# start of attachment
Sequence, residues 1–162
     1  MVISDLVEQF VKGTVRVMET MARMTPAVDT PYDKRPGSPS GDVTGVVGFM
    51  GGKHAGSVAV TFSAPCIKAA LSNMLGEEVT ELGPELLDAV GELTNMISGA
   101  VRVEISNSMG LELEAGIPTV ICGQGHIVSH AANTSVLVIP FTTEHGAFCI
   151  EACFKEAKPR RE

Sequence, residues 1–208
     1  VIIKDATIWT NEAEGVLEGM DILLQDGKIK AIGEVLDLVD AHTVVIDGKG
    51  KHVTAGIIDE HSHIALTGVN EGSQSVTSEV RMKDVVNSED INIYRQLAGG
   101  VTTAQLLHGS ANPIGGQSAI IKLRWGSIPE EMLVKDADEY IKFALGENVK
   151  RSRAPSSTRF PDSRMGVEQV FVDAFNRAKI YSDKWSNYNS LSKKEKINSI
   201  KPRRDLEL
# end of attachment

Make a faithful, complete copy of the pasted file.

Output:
Sequence, residues 1–162
     1  MVISDLVEQF VKGTVRVMET MARMTPAVDT PYDKRPGSPS GDVTGVVGFM
    51  GGKHAGSVAV TFSAPCIKAA LSNMLGEEVT ELGPELLDAV GELTNMISGA
   101  VRVEISNSMG LELEAGIPTV ICGQGHIVSH AANTSVLVIP FTTEHGAFCI
   151  EACFKEAKPR RE

Sequence, residues 1–208
     1  VIIKDATIWT NEAEGVLEGM DILLQDGKIK AIGEVLDLVD AHTVVIDGKG
    51  KHVTAGIIDE HSHIALTGVN EGSQSVTSEV RMKDVVNSED INIYRQLAGG
   101  VTTAQLLHGS ANPIGGQSAI IKLRWGSIPE EMLVKDADEY IKFALGENVK
   151  RSRAPSSTRF PDSRMGVEQV FVDAFNRAKI YSDKWSNYNS LSKKEKINSI
   201  KPRRDLEL